Coccinella septempunctata, the seven-spot ladybird (or, in North America, seven-spotted ladybug or "C-7"), is the most common ladybird in Europe. Its elytra are of a red colour, but punctuated with three black spots each, with one further spot being spread over the junction of the two, making a total of seven spots, from which the species derives both its common and scientific names (from the Latin septem = "seven" and punctus = "spot").
C. septempunctata has a broad ecological range, living almost anywhere there are aphids for it to eat. Both the adults and the larvae are voracious predators of aphids, and because of this, C. septempunctata has been repeatedly introduced to North America as a biological control agent to reduce aphid numbers, and is now established in North America, and has been subsequently designated the official state insect of five different states (Delaware, Massachusetts, New Hampshire, Ohio, and Tennessee).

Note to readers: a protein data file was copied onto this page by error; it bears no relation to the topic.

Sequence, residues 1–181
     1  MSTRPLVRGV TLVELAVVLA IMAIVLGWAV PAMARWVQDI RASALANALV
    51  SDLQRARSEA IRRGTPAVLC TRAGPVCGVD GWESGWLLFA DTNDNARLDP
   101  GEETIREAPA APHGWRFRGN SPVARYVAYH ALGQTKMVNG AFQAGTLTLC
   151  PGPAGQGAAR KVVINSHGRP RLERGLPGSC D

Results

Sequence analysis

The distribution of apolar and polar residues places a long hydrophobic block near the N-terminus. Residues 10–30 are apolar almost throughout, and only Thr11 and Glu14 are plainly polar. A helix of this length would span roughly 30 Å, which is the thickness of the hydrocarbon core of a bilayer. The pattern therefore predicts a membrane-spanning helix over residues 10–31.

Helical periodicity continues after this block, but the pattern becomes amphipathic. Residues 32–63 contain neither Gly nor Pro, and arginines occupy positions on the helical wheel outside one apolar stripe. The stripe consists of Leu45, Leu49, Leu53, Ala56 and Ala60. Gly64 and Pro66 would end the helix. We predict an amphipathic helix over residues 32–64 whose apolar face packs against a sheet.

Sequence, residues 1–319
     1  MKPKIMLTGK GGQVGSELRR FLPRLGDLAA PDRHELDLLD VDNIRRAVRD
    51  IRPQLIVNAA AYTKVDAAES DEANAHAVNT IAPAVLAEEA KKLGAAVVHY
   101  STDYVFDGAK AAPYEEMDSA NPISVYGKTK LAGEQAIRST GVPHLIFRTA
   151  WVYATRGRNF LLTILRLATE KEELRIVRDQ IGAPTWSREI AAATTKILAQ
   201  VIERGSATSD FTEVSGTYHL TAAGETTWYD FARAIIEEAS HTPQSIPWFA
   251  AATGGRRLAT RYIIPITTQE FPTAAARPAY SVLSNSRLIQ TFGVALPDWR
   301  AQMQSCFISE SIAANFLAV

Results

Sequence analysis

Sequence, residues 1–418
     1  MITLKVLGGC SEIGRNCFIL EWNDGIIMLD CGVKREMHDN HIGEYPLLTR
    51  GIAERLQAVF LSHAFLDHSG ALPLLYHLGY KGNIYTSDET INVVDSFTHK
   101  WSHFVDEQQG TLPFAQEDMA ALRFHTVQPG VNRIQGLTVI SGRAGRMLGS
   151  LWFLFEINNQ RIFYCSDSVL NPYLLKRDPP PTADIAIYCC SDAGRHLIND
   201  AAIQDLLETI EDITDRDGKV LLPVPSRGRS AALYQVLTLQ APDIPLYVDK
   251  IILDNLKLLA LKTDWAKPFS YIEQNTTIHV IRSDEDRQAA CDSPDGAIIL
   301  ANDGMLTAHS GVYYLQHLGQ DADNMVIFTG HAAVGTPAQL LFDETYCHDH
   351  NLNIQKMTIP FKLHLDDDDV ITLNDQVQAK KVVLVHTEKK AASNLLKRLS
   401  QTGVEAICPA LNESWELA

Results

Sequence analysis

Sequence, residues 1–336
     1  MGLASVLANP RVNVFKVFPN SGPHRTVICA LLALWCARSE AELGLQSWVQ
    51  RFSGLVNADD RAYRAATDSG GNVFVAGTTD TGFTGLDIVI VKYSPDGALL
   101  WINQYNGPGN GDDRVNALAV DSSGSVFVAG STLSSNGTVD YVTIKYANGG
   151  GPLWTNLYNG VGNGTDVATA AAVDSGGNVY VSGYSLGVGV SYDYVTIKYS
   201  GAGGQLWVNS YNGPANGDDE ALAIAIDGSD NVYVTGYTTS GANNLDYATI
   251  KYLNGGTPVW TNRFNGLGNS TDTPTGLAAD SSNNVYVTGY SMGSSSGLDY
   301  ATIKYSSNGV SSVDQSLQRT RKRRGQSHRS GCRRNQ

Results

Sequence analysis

In the United Kingdom, there are fears that the seven-spot ladybird is being outcompeted for food by the harlequin ladybird. Conversely, in North America, this species has outcompeted many native species, including other Coccinella.
Anatomy and physiology
An adult seven-spot ladybird may reach a body length of 7.6–10.0 mm (0.3–0.4 in). Their distinctive spots and attractive colours apparently make them unappealing to predators. The species can secrete a fluid from joints in their legs which gives them a foul taste. A threatened ladybug may both play dead and secrete the unappetising substance to protect itself. The seven-spot ladybird synthesizes the toxic alkaloids, N-oxide coccinelline and its free base precoccinelline; depending on sex and diet, the spot size and coloration can provide some indication of how toxic the individual bug is to potential predators.
- "Coccinella septempunctata (Linnaeus,1758:365). Seven-spotted lady beetle; Seven-spotted ladybug". Discover Life. Retrieved November 29, 2010.
- Ben Quinn (November 7, 2006). "Home-grown ladybirds put to flight by alien invasion". The Daily Telegraph.
- "Ladybug Profile". National Geographic. National Geographic Society. Retrieved October 3, 2009.
- J. Blount, H. Rowland, F. Drijfhout, J. Endler, R. Inger, J. Sloggett, G. Hurst, D. Hodgson & M. Speed (2012). "How the ladybird got its spots: effects of resource limitation on the honesty of aposematic signals". Functional Ecology 26 (2): 1–9. doi:10.1111/j.1365-2435.2012.01961.x.